Bangko Sentral ng Pilipinas (BSP) Governor Amando M. Tetangco, Jr. announced that the country’s outstanding external debt approved/registered by the BSP has declined by US$1.0 billion (or 1.8 percent) to US$58.0 billion as of end-June 2013 from US$59.0 billion in March. This was largely a result of net loan repayments (largely by the public sector) as well as negative foreign exchange revaluation adjustments as the US dollar strengthened, particularly against the Japanese Yen. On a year-on-year basis, the trend was the same, with debt stock reflecting a reduction of US$3.2 billion (or 5.3 percent) from US$61.2 billion in June 2012.
External debt refers to all types of borrowings by Philippine residents from non-residents that are approved/registered by the BSP.
External Debt Ratios
There was also a general improvement in external debt ratios which remained at very prudent levels, the Governor observed. Gross international reserves (GIR) stood at US$81.3 billion as of 30 June 2013, which is equivalent to 8.5 times the level of short-term (ST) debt under the original maturity concept and 6.2 times under the remaining maturity concept. The ratio under the remaining maturity concept is substantially higher than the international benchmark of 1.0. [ST accounts under the remaining maturity concept consist of obligations with original maturities of one (1) year or less, plus amortizations on medium and long-term accounts falling due within the next 12 months, i.e., from July 2013 to June 2014.]
The external debt ratio or outstanding external debt as a percentage of aggregate output (gross national income or GNI) is a solvency indicator that measures capacity to repay obligations over a long-term horizon. The ratio has continued to strengthen, declining further to 18.3 percent in June from 19.1 percent in the first quarter of the year, and from 21.8 percent a year ago. The same trend is observed based on gross domestic product (GDP), with the ratio down to 21.8 percent in the second quarter from 22.8 percent in March and 26.1 percent in June 2012, as the Philippine economy expanded by 7.5 percent in the second quarter of the year while outstanding debt declined.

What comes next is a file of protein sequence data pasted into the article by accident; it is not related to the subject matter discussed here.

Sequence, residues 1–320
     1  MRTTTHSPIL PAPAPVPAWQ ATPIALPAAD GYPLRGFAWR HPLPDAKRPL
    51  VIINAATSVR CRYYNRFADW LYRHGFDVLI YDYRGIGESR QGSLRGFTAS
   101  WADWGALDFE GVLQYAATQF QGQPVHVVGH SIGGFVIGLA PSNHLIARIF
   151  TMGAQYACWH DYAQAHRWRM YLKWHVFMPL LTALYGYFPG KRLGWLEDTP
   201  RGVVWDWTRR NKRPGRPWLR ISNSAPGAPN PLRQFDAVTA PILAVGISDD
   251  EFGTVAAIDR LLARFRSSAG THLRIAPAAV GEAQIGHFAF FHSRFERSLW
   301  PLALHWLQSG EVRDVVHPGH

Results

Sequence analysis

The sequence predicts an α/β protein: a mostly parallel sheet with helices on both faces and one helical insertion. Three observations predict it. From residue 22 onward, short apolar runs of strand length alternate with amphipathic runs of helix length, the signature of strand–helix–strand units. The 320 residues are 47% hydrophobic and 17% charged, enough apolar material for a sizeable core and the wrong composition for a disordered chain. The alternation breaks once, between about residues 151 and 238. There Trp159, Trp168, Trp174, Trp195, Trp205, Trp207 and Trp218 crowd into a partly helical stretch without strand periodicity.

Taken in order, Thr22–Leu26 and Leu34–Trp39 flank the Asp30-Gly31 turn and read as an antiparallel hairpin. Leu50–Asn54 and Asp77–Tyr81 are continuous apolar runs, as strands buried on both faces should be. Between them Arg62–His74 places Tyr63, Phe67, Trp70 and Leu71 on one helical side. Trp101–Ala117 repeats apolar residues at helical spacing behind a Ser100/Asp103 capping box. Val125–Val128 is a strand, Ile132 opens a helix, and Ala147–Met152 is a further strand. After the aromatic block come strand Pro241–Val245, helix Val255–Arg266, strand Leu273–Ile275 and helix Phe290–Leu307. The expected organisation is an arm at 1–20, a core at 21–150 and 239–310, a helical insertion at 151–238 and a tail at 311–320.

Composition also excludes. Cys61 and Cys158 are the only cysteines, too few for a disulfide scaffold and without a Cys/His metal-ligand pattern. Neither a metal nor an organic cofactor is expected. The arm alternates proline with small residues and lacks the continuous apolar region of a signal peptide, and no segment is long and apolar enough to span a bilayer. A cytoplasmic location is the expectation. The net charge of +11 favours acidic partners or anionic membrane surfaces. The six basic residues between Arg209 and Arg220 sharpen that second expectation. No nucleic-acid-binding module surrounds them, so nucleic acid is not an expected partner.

The external debt service ratio (DSR), or the ratio of total principal and interest payments relative to total exports of goods and receipts from services and income (XGSI), likewise exhibited sustained improvement, declining to 7.5 percent in the second quarter from 7.9 percent in March 2013 and 9.2 percent a year ago. The ratio, which measures sufficiency of foreign exchange available to meet currently maturing obligations, has remained well below the 20 to 25 percent international benchmark, attesting to the country’s strong liquidity posture.
The debt portfolio continues to be heavily biased towards medium- to long-term (MLT) maturities, with debt payments scheduled over a longer time horizon, translating to more manageable levels of foreign exchange requirements for loan servicing. As of June 2013, MLT debt represented 83.5 percent of total outstanding external liabilities.
The weighted average maturity for all MLT accounts stood at 20.2 years with public sector borrowings having a longer average tenor of 21.9 years compared to 10.3 years for the private sector.
Short-term external debt accounted for the 16.5 percent balance of debt stock, and consisted largely of trade credits and bank borrowings.
Total public sector debt was recorded at US$42.0 billion at the close of June, lower than the US$42.9 billion level in the previous quarter due to net repayments as the National Government shifted its borrowings to domestic sources, as well as the weakening of the Japanese Yen against the US dollar, which correspondingly reduced the value of Yen loans in US dollar terms. Private sector debt similarly declined, from US$16.11 billion to US$16.06 billion due to negative foreign exchange revaluation adjustments and positive audit adjustments.
In terms of fund resources, official creditors (consisting of multilateral and bilateral creditors) had the largest exposure at 39.3 percent of total debt. Borrowings in the form of bonds/notes accounted for 36.5 percent, foreign banks and other financial institutions - 16.8 percent, with the 7.4 percent balance pertaining mainly to foreign suppliers/exporters.
The currency mix of foreign debt was essentially unchanged, with U.S. dollar-denominated accounts comprising 50.8 percent, followed by the Japanese Yen - 21.0 percent, multi-currency loans from the World Bank and the Asian Development Bank - 12.5 percent, and 18 other currencies - 15.8 percent.